Prime Minister of Sri Lanka, Ranil Wickremesinghe rejected US’ claim that China is setting up a forward military base in Sri Lanka and said that the Hambantota Port is a commercial joint venture between Sri Lanka and China.
Wickremesinghe was addressing an event at Oxford University in London, where he emphasized that there are no foreign Naval bases in Sri Lanka and said, “Some people are seeing imaginary Chinese Naval bases in Sri Lanka. Whereas the Hambantota Port is a commercial joint venture between our Ports Authority and China Merchants – a company listed in the Hong Kong Stock Exchange”.
His remarks came a day after US Vice President Mike Pence accused China of using the debt diplomacy to expand its influence and said, “May soon become a forward military base for China’s growing blue water navy”.
— NDTV (@ndtv) January 20, 2016
Wickremesinghe said that in this atmosphere, many countries fear that Chinese military influence may spread in the Indian Ocean region and considering this a number of stakeholders have started securing access to foreign ports and aggressive naval exercises.
He said, “In this atmosphere of suspicion, many countries fear that the South China Sea issues can spill over, leading to future militarization and military competition in the Indian Ocean”.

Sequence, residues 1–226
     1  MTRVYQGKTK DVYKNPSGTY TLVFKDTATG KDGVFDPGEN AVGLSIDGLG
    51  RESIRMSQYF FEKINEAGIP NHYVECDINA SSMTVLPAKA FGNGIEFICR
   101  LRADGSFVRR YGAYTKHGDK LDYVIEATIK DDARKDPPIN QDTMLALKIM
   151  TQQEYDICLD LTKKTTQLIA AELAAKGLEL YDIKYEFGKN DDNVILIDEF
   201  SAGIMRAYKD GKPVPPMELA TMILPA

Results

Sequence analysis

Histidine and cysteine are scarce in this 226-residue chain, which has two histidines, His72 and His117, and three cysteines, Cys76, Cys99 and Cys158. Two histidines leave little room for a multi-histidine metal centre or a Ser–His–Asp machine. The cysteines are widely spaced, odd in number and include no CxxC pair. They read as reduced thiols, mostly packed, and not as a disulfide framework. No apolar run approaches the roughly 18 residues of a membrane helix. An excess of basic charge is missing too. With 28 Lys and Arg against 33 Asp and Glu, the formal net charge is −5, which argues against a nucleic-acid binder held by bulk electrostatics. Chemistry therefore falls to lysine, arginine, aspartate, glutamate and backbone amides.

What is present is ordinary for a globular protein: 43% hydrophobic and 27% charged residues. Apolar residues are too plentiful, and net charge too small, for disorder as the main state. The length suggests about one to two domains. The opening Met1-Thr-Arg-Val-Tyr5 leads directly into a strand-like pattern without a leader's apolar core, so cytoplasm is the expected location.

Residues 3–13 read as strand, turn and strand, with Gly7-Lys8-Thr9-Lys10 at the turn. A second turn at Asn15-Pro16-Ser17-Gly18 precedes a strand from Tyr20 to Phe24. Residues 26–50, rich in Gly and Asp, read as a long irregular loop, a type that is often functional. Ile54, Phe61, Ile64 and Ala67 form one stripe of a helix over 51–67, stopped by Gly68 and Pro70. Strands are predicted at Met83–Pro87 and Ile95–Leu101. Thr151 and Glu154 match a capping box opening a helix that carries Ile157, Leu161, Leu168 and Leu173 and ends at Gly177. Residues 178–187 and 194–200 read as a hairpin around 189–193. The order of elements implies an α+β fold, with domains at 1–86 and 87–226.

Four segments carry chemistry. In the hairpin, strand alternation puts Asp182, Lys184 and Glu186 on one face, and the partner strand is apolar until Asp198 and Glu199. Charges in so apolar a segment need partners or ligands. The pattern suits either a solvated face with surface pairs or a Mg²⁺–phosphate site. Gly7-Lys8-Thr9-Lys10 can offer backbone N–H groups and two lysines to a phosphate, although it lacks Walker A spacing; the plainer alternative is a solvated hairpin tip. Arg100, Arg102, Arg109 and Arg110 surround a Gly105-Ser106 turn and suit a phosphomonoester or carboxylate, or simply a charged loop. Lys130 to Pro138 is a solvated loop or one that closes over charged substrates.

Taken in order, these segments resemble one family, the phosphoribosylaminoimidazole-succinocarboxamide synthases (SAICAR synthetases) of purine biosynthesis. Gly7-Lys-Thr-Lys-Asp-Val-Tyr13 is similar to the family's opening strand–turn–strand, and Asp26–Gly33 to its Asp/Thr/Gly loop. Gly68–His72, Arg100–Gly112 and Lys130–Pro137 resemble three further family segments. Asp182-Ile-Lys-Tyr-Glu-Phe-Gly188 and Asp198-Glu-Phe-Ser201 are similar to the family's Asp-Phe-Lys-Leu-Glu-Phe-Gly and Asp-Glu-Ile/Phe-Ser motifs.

He added, “This has resulted in a number of stakeholders intensifying their interest and presence in the Indian Ocean by expanding their fleets, upgrading their bases, securing access to foreign ports, and aggressive naval posturing via joint exercises, extended sorties, and live-fire drills”.
He also said that to ensure peace and stability in the Indian Ocean region all parties require a common understanding and need to make a regional framework for trade and security.
Wickremesinghe said, “The Indian Ocean region requires a common understanding that will ensure peace and stability within the region. There is also a need to work towards building a regional framework for both trade and security, while ensuring that the region remains free, open and inclusive…The interests of the smaller states are best served by advocating for and upholding a rule-based order in the region”.